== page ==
Rupert CARABINMOLINES, La pieuvre [The octopus] inkwell Enlarge 1 /1

Rupert CARABIN

France 1862 – 1932

Paris

Paris, France

pottery (organisation)

La pieuvre [The octopus] inkwell 1897 Place made: Molines, Paris, Île-de-France, Ville de Paris department, France
Creation Notes: Model produced from 1897
Materials & Technique: ceramics, inkpots, glazed stoneware

Primary Insc: impressed on underside: 'CFR' in a monogram within a shield
Dimensions: 16.0 h x 14.5 w x 14.6 d cm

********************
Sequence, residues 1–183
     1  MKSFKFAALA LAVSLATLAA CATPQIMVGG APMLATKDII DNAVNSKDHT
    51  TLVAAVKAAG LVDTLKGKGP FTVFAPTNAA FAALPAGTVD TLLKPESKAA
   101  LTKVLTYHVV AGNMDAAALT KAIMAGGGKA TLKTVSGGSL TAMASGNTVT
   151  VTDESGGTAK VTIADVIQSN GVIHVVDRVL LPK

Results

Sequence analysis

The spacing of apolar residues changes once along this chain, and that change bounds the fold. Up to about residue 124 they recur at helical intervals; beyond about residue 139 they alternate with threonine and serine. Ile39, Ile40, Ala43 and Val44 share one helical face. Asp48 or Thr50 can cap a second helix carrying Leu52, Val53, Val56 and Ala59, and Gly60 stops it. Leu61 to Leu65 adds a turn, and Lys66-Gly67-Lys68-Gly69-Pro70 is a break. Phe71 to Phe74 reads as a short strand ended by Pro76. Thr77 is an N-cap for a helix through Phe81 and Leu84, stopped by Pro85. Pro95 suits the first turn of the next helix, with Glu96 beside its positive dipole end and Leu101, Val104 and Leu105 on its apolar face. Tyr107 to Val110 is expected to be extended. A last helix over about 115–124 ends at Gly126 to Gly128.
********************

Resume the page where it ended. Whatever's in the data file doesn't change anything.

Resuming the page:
Acknowledgement: Purchased 1988
Accession No: NGA 88.1498

François-Rupert Carabin was a designer and maker of sculptural wood furniture in the flamboyant organic Art Nouveau style. His work was distinguished by a vision of nature in which human, animal, reptile and bird forms were combined in bizarre juxtaposition. Carabin also worked as a photographer, producing female nude images that informed his sculpture, furniture and ceramic work. This inkwell, one of Carabin’s most controversial works, depicts a woman intertwined with an octopus, tearing open its head to spill its ink, a disturbing image that eroticised an otherwise functional object.


Text © National Gallery of Australia, Canberra 2016
Author: Dr Robert Bell AM - Senior Curator Decorative Arts and Design